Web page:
AI in the Public Sector

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This graph, created for the article, shows the prevalence of AI in the UK’s government.

Last year on November 29th, the UK Cabinet Office, sponsored by the Department of Work & Pensions (DWP) Permanent Secretary published a policy paper stating that by 2025, the UK government will be a transformed into a more efficient digital government for better public service — focusing on cutting-edge technologies, most notably in generative artificial intelligence (AI).

Trials and errors

Months ago, we reported regarding the use of AI in the Netherlands and the UK, in which we concluded governments have to build a solid legal framework for attending the victims of wrong predictions and incentivize collaboration with academia.

The AI system which the UK was pointed for possible nationality biases is deployed and maintained by the DWP. However, no mentions are made regarding lowering AI’s errors in DWP’s responsibilities in their recent policy collaboration with the Cabinet Office.

This system, called the Fraud Error and Debt Program (FEDP) has a long history of incidents ranging from 2011. A 2018 report by the National Audit Office (NAO) highlighted that it took 3 years to recognize the models’ issue as systematic, generating estimates of 70,000 affected people and the DWP owing £340 million in underpaid benefits. It was not until July 2017 — 8 years later — when they identified and generated a response to the affected people.

From this incident, the DWP agreed to foster stronger discussions for stronger grasps of legal obligations and risks of the system developed by their statistics team. However, although DWP has linked the Fraud and Error Audit Framework as a resource in their Staff Guide for Fraud Investigations, it only serves as a manual of good practices and not as a solid legal base.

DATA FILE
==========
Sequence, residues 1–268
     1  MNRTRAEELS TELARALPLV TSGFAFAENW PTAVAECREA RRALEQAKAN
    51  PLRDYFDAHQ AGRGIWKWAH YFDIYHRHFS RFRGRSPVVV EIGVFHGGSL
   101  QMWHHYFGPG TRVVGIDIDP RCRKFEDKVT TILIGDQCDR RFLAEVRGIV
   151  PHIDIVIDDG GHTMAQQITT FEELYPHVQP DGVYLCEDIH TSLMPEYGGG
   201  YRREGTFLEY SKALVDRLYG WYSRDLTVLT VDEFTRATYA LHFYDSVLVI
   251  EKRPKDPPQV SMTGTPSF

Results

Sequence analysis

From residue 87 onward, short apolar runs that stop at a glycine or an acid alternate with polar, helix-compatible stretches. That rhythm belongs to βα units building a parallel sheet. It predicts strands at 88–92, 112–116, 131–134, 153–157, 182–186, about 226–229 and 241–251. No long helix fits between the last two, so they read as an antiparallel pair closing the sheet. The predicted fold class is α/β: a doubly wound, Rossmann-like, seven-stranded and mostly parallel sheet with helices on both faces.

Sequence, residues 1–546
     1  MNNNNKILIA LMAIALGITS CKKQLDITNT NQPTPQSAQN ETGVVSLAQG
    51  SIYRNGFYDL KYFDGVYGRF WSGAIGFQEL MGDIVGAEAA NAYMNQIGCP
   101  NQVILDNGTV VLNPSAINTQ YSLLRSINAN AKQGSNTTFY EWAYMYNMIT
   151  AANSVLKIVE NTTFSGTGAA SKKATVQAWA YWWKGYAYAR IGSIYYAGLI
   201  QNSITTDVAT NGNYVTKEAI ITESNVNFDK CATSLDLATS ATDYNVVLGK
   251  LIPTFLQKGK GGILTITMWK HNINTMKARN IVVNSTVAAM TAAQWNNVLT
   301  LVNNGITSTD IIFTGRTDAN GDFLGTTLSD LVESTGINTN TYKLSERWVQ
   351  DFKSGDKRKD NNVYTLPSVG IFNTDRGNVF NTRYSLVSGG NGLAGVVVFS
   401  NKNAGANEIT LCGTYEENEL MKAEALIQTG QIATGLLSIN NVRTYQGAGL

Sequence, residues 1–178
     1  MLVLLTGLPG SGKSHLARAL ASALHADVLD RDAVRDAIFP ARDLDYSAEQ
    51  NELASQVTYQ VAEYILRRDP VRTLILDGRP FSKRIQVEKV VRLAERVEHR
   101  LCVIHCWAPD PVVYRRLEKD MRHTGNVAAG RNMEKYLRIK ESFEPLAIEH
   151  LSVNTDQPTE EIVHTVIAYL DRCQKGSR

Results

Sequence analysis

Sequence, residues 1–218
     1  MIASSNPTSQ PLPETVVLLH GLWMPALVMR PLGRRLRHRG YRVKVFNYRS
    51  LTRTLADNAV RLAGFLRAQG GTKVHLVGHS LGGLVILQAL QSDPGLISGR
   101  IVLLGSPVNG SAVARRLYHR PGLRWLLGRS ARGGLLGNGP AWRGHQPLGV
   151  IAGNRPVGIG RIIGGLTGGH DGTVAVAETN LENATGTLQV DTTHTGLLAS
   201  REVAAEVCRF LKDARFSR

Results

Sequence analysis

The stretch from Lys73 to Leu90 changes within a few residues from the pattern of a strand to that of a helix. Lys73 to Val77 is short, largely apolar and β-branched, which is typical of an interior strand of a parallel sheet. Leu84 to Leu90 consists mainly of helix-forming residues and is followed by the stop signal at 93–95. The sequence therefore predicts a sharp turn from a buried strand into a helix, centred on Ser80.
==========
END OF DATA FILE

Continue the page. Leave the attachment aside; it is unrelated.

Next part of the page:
How AI works in the public sector

DWP has consistently claimed that more data will leverage FEDP’s performance. From what has been revealed in public papers, the system is fed on real-time data from people’s employment income, their banking data, and monthly personal and credit data named “RTI database”.

Furthermore, the program regularly uses information from third-party organizations, including credit reference agencies. However, there is no information how they regulate and detect biases and errors from these outside sources. This is specially concerning, as most FEDP errors are statistical and are strongly related to the data’s accuracy — taking a significant time to detect as seen in 2011.

In a response to Transparency International, DWP revealed that they use data in different manners across services. Highlighting that Artificial Intelligence is deployed in FEDP and other projects held by the same unit, but has not reached complaints, referrals or cases, which are currently managed using statistics and more commonly used analysis techniques.